Matt Barkley’s performances have been consistently good all season, but it’s only after beating Oregon that he appears to be getting the praise he deserves. I wrote a piece during the summer that questioned whether Barkley – rather than Andrew Luck – would be the most talented player eligible for the 2012 draft. When you watch the Oregon tape, you look at the Stanford game and observe Barkley’s performance in defeating Notre Dame, that’s far from a ridiculous suggestion.
Luck is a tremendous player who will deservedly go first overall next April. The hype surrounding his potential, however, is not deserved. Revisionist history will tell you he’s the most highly regarded quarterback prospect since Peyton Manning. In reality, Luck has avoided a lot of the criticism’s and questions Manning faced. It’s assumed that Luck will succeed in any environment, that he’s the perfect prospect. That simply isn’t the case and it’s something we’ll look into over the next week. Barkley has a similar level of potential but has received a greater critique on his physical limitations. I feel like we’re looking at two comparable talents – but Barkley deserves a little more credit than he’s getting and the Luck hype machine maybe needs to take a step back.
A play in the Oregon game stood out as one of the best I’ve ever seen from a college quarterback (fast forward to the 2:01 mark in the video above). Barkley takes a snap under center and then a five-step drop. He pumps to the left and then comes back to the right before dropping in a perfectly weighted pass that dissects two defenders for a big first down completion. Look at the footwork, always moving. Look at the field awareness and poise in the pocket. Look at the perfect touch and accuracy on the pass – it couldn’t be any better. And notice that he does it under pressure – Barkley takes a big hit just as he releases the football. That is an elite play, there are franchise quarterbacks in the NFL who can’t make plays like that.
NFL teams value the back-shoulder throw in a big way these days and Barkley’s pass at 3:40 is a perfect example. Great pump to the right, then quickly floats the ball just behind the receiver and two defensive backs. I think this is an instinct throw more than a specific call – he senses the position of the two defensive backs and puts the pass just short of the group to allow Marqise Lee to adjust and make the completion.
One of the big knocks on Barkley is a lack of pure athleticism, but we see in this video that it’s completely overblown. The offenses in Seattle and Washington require the quarterback to run a lot of boot legs and play action and right off the bat against Oregon we see a quarterback moving out of the pocket, choosing his target and firing to the left sideline. We see further evidence of plus-mobility and the ability to throw accurately on the run at 2:41, 7:39 and also on the third touchdown at 4:02 and fourth score at 6:26. He runs a bootleg at 4:49 for a first down, so we’re talking about a pocket passer with plus mobility which is fine – how else would you describe Aaron Rodgers? Barkley doesn’t need to be Michael Vick.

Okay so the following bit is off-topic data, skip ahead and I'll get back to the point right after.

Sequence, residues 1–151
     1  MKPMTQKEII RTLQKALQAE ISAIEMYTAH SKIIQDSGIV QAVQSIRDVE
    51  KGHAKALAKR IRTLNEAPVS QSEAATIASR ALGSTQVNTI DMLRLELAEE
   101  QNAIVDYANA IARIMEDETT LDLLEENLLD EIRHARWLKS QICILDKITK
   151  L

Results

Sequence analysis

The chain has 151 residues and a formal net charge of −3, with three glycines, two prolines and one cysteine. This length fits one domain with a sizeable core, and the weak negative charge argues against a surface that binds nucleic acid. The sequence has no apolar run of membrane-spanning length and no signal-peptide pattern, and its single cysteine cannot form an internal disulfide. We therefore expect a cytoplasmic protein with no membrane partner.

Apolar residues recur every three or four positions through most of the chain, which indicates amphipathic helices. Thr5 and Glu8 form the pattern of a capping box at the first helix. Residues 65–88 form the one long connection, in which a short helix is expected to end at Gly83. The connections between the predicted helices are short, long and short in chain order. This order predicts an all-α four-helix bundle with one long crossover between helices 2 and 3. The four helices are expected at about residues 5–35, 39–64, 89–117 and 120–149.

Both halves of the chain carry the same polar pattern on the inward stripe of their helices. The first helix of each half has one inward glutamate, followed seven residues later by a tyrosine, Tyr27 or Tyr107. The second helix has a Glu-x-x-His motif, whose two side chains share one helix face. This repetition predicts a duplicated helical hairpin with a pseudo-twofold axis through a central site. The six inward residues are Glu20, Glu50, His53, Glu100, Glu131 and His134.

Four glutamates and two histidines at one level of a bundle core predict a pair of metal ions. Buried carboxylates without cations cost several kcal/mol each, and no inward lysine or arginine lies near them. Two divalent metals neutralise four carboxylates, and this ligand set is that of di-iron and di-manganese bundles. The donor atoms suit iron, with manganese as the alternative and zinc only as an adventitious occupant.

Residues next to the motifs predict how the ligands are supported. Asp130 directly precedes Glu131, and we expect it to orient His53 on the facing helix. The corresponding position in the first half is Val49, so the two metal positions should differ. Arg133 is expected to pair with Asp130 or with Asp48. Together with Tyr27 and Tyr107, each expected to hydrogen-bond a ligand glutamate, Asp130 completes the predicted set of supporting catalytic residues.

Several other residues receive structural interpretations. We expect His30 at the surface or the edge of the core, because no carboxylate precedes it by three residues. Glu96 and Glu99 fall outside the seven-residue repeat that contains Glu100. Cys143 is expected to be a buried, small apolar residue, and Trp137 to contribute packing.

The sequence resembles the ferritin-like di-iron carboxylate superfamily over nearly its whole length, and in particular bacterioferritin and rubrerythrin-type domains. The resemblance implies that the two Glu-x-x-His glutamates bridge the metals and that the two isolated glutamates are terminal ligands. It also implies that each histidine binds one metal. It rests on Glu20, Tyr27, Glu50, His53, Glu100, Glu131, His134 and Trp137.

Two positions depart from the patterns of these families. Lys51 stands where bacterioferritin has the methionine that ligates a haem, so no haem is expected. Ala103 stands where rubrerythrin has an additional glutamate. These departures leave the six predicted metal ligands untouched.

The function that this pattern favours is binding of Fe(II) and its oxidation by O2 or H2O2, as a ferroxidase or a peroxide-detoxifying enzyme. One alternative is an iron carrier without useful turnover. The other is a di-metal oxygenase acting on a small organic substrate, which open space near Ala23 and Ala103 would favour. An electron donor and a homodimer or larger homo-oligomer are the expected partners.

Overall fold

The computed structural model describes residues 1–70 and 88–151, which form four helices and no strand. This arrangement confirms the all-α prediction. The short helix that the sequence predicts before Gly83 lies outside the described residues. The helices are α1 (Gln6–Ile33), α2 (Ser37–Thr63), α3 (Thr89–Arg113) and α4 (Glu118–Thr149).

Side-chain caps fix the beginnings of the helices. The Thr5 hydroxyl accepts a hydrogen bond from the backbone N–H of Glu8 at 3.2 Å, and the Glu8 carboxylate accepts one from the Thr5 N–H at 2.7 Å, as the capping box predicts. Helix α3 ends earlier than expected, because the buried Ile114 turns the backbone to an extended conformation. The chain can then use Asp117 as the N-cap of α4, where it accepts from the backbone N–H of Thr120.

Look closely at the way he switches between reads because this is something that Luck and Barkley flash on a weekly basis and separates them from others like Landry Jones. At 0:07 he doesn’t like his first option to the right and checks down inside for a short gain but keeps the ball moving. He’s reading the defense pre-snap and diagnosing the play as it develops.
The play at 1:34 is what really excites me about Barkley’s ability to play quickly in the NFL. Essentially, it’s what he’ll be doing every Sunday – seven step drop while reading the field, eyes downfield and to the right to create space underneath for the slot receiver who gets the first down. Barkley shows in this play that on a technical level, that ability to work within a pro-system is already there. Watch the all-22 tape on the replay and you’ll see his head turn from the right to the left before going underneath.
Barkley doesn’t have a great deep ball – his arm strength isn’t at a high level on downfield passes. His placement is generally good in terms of putting air on the ball and putting it in an area for the receiver to make a catch. However, when he’s asked to throw beyond 40-yards the ball’s sometimes under thrown because he hasn’t got the elite arm strength. On Marqise Lee’s opening touchdown at 0:55, Barkley’s going downfield all the way. He locks on to the receiver, waits for him to get separation and throws. A pass towards the end zone and it’s a much easier touchdown completion, the under thrown ball asks more of Lee who manages to adjust and make a play.